Finally, we come to step five of the process – monitoring our progress towards the desired state.  With as busy as life is these days, failure to make the time to reflect on progress towards goals is an almost guaranteed way to ensure you will NOT reach these goals.   As a result, you absolutely, positively, must set up a regular review process to ensure that you achieve your goals; and, in turn, achieve your desired new state.

There are a number of ways to go about monitoring your progress.  I’m going to suggest a process that has worked for me in the past to overcome this challenge:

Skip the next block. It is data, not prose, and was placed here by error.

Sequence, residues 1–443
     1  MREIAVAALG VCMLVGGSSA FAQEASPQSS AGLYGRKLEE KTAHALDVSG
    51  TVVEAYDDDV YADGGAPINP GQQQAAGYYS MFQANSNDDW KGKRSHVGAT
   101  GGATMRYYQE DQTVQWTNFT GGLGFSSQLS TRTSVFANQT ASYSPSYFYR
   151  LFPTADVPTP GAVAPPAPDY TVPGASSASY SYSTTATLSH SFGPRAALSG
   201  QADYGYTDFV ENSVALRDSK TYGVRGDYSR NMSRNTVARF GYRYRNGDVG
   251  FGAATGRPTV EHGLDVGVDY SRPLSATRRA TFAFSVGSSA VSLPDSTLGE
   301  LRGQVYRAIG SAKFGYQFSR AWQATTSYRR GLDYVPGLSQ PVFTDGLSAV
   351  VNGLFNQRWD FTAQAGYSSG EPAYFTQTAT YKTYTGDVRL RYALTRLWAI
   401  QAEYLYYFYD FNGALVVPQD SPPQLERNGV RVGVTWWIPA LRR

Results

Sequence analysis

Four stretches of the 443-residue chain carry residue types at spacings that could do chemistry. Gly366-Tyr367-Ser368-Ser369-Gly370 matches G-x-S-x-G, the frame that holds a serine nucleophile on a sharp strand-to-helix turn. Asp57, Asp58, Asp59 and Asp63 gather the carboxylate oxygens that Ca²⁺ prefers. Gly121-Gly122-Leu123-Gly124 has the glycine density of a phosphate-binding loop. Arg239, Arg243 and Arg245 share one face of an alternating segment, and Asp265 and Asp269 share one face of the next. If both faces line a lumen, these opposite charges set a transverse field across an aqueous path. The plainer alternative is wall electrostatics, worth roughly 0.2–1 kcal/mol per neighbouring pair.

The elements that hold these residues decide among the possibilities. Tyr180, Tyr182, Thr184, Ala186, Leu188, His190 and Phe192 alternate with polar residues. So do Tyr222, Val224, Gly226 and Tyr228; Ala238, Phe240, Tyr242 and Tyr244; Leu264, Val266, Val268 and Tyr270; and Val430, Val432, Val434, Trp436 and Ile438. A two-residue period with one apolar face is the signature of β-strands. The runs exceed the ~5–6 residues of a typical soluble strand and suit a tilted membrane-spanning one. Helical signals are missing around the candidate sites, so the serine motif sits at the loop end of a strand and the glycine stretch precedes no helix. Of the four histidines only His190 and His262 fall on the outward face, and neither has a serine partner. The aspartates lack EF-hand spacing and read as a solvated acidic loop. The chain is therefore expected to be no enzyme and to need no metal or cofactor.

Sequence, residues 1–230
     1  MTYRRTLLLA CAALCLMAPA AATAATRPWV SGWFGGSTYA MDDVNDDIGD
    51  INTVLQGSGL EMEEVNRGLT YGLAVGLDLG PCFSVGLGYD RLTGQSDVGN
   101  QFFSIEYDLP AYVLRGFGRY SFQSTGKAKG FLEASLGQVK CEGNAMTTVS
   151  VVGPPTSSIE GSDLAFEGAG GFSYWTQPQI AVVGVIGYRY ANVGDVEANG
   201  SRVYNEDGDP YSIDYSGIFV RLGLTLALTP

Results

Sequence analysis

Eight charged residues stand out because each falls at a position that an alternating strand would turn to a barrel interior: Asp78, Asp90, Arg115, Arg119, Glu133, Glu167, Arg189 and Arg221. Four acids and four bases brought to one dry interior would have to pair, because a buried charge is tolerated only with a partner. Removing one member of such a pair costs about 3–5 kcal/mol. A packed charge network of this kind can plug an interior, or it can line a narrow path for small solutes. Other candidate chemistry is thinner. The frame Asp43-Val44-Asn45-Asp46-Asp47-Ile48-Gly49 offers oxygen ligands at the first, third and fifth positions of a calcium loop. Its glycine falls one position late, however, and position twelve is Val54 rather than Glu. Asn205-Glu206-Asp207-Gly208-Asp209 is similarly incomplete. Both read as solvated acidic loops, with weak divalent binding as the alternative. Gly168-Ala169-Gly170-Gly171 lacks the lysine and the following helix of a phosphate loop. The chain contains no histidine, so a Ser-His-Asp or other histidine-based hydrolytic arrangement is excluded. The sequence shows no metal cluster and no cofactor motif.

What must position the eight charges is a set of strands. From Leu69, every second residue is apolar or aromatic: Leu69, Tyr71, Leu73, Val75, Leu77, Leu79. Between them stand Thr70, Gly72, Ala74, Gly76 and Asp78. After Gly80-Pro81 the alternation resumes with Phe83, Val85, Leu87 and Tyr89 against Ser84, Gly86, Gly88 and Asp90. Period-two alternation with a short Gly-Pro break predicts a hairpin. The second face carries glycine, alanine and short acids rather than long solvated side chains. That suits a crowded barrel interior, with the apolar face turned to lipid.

• If you have been following the instructions throughout the article, you have written down your responses associated with each of the first four steps. Take the time to type up all of this information.  It should easily fit on both sides of a standard 8.5” x 11” piece of paper.
  • Go to your calendar and set up a recurring, daily 15 minute meeting at the BEGINNING of every day. During these 15 minutes, you will read and review what you wrote.  This is going to allow you to remember what you were looking to achieve, why it was important to you, and what your goals are.  The mind is an amazing thing and the simple act of reviewing this daily will help you to stay on track.  Basically what happens is that we do not like to fail and the subconscious mind takes what we are reading and “tells us” what to do during each day.  Think of this step as strengthening that “little voice” inside your head that you should listen to more regularly.